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Title:Stereotypes of a black male (student-athlete) misunderstood, and it's still all good: the life of Eric Christopher Garrett
Author(s):Bates, Nameka R
Doctoral Committee Chair(s):Span, Christopher
Doctoral Committee Member(s):Woods, Amelia; McDowell, Jacqueline; Petruzzello, Steven
Department / Program:Kinesiology & Community Health
Discipline:Kinesiology
Degree Granting Institution:University of Illinois at Urbana-Champaign
Degree:Ph.D.
Genre:Dissertation
Subject(s):black males, student-athletes, identity, salience, negotiation
Abstract:Overemphasis on graduation rates has relegated Black male student-athletes to their academic identity at the expense of their athletic identity. Intentionally or otherwise, the limited attention paid to Black male student-athlete’s salient identities in sport studies research has contributed to constraints placed on their goal of achieving a professional career and/or college degree (Bimper, 2014). The academic reform movements led by the National Collegiate Athletic Association (NCAA) has been particularly complicit in institutionalizing restrictions on the identity of Black male student-athletes. The NCAA utilizes sport studies research to establish initial eligibility requirements, benefits restrictions, and practice and performance standards (Harrison & Boyd, 2007). These constraints have disproportionately penalized Black male student-athletes by creating a binary that leverages their academic identity against their athletic identity. This study is an extension of the sports studies research used by the NCAA, but in a different direction. It examines Black male student-athlete identity development and argues that academic and athletic identities are complex and conflicting, which requires Black male student-athletes to negotiate and renegotiate their identities when confronted with binaries such as academic versus athletic expectations. This research conducts an instrumental case study. It uses one person’s circumstances to evaluate conflicting complexities associated with the wants of organizational and institutional units such as the NCAA and universities, to the wants of the student-athlete. The life experiences of the participant in this research inform us that intercollegiate athletics has a positive impact on academic success. It details how an athletic identity is salient, and how the Black male student-athlete is constantly negotiating the importance of earning both a college degree and being excellent in his sport.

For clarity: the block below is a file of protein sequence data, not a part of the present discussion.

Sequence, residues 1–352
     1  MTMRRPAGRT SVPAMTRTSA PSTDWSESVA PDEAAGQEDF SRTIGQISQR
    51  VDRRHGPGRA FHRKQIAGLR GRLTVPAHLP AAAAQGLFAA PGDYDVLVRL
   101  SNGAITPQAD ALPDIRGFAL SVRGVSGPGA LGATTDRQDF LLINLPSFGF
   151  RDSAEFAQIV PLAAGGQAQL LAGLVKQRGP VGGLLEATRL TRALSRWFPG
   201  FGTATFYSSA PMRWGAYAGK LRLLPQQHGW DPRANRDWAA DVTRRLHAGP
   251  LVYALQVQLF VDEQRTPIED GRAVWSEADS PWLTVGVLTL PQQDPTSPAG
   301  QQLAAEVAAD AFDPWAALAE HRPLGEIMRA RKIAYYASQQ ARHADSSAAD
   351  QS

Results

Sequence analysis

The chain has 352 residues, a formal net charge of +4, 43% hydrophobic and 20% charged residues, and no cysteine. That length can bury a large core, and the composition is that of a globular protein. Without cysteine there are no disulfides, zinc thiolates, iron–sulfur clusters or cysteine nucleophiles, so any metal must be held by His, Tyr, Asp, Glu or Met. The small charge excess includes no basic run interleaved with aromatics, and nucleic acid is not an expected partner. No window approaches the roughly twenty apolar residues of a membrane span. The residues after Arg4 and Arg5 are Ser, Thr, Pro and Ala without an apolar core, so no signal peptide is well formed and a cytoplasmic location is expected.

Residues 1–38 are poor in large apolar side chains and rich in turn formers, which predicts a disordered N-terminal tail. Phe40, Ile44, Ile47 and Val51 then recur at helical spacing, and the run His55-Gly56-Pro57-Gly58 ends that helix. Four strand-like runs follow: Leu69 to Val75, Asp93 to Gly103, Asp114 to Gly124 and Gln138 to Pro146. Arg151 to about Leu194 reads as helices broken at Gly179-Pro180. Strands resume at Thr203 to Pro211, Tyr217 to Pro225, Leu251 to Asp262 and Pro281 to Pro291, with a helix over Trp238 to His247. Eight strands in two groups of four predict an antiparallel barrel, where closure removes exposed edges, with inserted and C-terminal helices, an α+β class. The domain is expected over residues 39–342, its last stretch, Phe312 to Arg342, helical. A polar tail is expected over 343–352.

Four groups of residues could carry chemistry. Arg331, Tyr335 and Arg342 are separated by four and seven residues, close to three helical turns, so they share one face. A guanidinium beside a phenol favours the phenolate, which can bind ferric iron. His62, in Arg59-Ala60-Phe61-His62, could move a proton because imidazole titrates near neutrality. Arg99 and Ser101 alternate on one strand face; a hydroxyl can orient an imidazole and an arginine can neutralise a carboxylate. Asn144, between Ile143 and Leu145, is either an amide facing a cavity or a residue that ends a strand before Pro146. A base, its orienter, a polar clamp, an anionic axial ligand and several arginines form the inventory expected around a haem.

Issue Date:2017-04-03
Type:Thesis
URI:http://hdl.handle.net/2142/97675
Rights Information:Copyright 2017 Nameka Bates
Date Available in IDEALS:2017-08-10
Date Deposited:2017-05


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